However, the real appeal of the movie is in the tunes, whose derivations are often implied or expressly explained. For example, Bob was presumably inspired to compose “Big Girls Don’t Cry” after watching Kirk Douglas slap Jan Sterling in the face in the film, Ace in the Hole.

The cast performs all of the songs themselves, from “Sherry” to “Dawn” to “Can’t Take My Eyes Off of You” to “Rag Doll” to “Who Loves You?” to “Working My Way Back to You” to “Walk Like a Man” to “Oh, What a Night!” and beyond. Who knew The Four Seasons had so many hits?

Excellent (****). Rated R for pervasive profanity. Running time: 134 minutes. Distributor: Warner Brothers.

 

June 11, 2014
MAYBE THIS TIME WE WILL PREVAIL: William Cage (Tom Cruise, right) and Rita Vrataski (Emily Blunt) reconnoiter the landscape while trying to devise a strategy that will enable their army’s forces defeat the alien Mimics, who are trying to take over planet Earth. Fortunately, the pair have all the time they need, because each time William is killed, he immediately comes back to life and, together with Rita, the pair are given another chance to defeat the enemy.

MAYBE THIS TIME WE WILL PREVAIL: William Cage (Tom Cruise, right) and Rita Vrataski (Emily Blunt) reconnoiter the landscape while trying to devise a strategy that will enable their army’s forces defeat the alien Mimics, who are trying to take over planet Earth. Fortunately, the pair have all the time they need, because each time William is killed, he immediately comes back to life and, together with Rita, the pair are given another chance to defeat the enemy.

William Cage (Tom Cruise) has risen to the rank of Major in the U.S. Army without ever seeing any combat, which is fortunate since he can’t stand the sight of blood, not even from a paper cut. So, you can imagine his surprise the day that he’s informed by his superior (Brendan Gleeson) that he’ll be shipping out soon to England to lead a D-Day style invasion of France. The aim of the mission is to take back Western Europe from an army of intelligent alien invaders called Mimics who have an uncanny ability to stage sophisticated counterattacks.

When Cage tries to decline the dangerous assignment, General Brigham explains that he’s just been given an order, not an offer. And when he still proves reluctant to obey, he is summarily demoted and forced to join a unit of troublemakers known as the J Squad, whose members operate under the command of a no-nonsense sergeant (Bill Paxton) who keeps the squad’s soldiers in line.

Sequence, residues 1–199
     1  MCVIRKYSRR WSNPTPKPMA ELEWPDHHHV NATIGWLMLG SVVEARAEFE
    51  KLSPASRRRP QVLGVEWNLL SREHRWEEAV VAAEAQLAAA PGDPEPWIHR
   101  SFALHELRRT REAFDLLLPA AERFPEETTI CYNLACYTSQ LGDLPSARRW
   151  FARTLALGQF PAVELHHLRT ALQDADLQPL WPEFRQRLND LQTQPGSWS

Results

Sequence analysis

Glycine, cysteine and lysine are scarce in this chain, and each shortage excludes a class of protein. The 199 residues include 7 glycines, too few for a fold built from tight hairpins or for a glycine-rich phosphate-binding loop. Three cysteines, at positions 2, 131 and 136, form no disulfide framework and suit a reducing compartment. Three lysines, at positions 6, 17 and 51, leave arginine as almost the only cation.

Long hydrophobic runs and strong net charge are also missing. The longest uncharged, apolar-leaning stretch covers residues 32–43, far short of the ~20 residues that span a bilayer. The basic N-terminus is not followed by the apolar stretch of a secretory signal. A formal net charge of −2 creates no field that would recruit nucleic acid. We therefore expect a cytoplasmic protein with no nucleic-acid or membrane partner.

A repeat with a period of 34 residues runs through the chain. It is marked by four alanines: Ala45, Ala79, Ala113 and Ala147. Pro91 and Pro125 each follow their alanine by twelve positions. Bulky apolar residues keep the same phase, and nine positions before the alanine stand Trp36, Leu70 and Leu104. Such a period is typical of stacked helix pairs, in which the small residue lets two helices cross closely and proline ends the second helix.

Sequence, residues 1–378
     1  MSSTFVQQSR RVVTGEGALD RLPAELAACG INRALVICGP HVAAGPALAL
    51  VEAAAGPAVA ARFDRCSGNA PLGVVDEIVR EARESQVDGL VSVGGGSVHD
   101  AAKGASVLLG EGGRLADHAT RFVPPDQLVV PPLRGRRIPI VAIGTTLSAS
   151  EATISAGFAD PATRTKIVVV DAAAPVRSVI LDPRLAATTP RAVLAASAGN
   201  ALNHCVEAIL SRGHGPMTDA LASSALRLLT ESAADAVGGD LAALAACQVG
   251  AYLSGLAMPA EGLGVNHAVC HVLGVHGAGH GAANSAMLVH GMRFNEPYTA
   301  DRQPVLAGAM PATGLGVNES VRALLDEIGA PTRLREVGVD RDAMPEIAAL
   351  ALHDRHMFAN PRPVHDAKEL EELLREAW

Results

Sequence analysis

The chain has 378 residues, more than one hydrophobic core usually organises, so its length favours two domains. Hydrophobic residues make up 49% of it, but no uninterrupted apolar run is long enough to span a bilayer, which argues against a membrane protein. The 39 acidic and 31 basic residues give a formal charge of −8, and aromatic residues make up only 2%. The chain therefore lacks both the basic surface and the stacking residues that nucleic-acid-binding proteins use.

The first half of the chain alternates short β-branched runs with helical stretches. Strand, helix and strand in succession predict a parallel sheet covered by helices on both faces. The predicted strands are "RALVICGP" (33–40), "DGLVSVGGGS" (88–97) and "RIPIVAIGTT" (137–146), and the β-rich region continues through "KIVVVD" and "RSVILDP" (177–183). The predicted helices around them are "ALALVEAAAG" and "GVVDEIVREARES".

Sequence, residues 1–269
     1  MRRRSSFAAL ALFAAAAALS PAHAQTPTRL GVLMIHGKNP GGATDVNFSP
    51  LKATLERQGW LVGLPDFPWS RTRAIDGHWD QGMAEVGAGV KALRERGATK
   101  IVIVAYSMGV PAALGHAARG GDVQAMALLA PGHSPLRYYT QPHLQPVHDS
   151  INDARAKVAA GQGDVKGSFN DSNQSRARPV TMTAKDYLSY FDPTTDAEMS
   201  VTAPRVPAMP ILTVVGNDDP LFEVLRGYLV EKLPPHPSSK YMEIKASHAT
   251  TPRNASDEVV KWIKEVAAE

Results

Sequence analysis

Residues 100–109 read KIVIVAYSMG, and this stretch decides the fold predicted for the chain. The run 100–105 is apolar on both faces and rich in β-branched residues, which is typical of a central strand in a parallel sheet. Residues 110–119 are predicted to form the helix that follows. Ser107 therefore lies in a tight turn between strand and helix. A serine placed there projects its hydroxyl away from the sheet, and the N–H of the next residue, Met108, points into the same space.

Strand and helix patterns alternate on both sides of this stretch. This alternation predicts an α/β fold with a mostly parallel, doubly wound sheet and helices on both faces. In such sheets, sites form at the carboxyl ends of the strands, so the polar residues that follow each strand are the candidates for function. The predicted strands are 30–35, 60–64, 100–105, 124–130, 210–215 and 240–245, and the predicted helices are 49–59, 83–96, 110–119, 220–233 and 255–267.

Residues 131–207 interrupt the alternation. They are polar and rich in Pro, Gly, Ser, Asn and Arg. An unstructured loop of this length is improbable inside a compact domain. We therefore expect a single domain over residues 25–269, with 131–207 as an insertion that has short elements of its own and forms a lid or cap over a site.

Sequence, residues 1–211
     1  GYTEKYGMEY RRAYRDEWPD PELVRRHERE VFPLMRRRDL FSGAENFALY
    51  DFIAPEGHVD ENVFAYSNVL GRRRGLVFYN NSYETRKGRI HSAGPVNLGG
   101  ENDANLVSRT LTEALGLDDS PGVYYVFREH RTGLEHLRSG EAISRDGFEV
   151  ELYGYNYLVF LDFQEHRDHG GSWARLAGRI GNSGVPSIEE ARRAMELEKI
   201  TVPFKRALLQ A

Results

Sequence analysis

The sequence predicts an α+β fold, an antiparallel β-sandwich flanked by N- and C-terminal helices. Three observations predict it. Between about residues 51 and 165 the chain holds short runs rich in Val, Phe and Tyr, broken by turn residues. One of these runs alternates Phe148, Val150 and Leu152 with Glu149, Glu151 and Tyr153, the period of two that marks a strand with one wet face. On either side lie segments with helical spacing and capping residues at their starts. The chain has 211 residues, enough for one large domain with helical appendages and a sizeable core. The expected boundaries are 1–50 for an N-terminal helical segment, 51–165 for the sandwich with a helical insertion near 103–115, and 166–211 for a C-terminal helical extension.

Shortly thereafter, they ship out aboard a plane as part of an international squadron of troops and are parachuted onto a beach that looks like a slaughterhouse. The allies are easily overmatched by the enemy, and it isn’t long before Cage receives a fatal shot to the chest.

However, he is dead only briefly and finds himself transported back in time to the moment he met Sergeant Farrell a few hours before, when he was roused out of a stupor by the Southerner’s thick drawl of “On your feet, maggot!” Somehow, Cage has been given a reprieve and a second chance to exhibit expertise and heroics on the battlefield. In fact, he is killed again and again and, like your typical computer game, has umpteen opportunities to start over and improve his strategy against the seemingly invincible Mimics.

Cage is assisted by Special Forces soldier Rita Vrataski (Emily Blunt), the only other person who is aware of his ability to reincarnate. Therefore, it falls upon the pair to save the planet from the alien scourge that is bent on world domination.

Thus unfolds Edge of Tomorrow, a science fiction movie based on All You Need Is Kill, a graphic novel originally published By Hiroshi Sakurazaka in Japan in 2004. Directed by Doug Liman (Mr. & Mrs. Smith), the movie uses the same plot device that was explored in both Groundhog Day (1993) and Source Code (2011).

Nevertheless, Liman has put a refreshing spin on the time machine genre, and keeps you enthralled as he keeps you guessing about the series of thoroughly unpredictable developments that transpire.

Excellent (****). Rated PG-13 for profanity, intense violence, and brief sensuality. Running time: 113 minutes. Distributor: Warner Brothers.

 

June 4, 2014
HOW CAN NOT KILLING THE MAN WHO INVENTED THE SENTINELS SAVE THE FUTURE?: In the past, the superhero Mystique (Jennifer Lawrence, not shown) was assigned by the X-Men to murder Trask (Peter Dinklage) the inventor of the Sentinel robots, shown here in the process of creating the robots in the past. Wolverine (Hugh Jackman, not shown) was sent back from the future to prevent Mystique from accomplishing her mission.

HOW CAN NOT KILLING THE MAN WHO INVENTED THE SENTINELS SAVE THE FUTURE?: In the past, the superhero Mystique (Jennifer Lawrence, not shown) was assigned by the X-Men to murder Trask (Peter Dinklage) the inventor of the Sentinel robots, shown here in the process of creating the robots in the past. Wolverine (Hugh Jackman, not shown) was sent back from the future to prevent Mystique from accomplishing her mission.

X-Men: Days of Future Past is the 7th episode in the series, and is the third one directed by Bryan Singer, who also directed X-Men 1 and 2. This film is loosely based on the 1981 Marvel Comics (issues #141-142) of the same name, a convoluted tale in which a superhero is sent back in time to prevent an impending disaster that is threatening their present.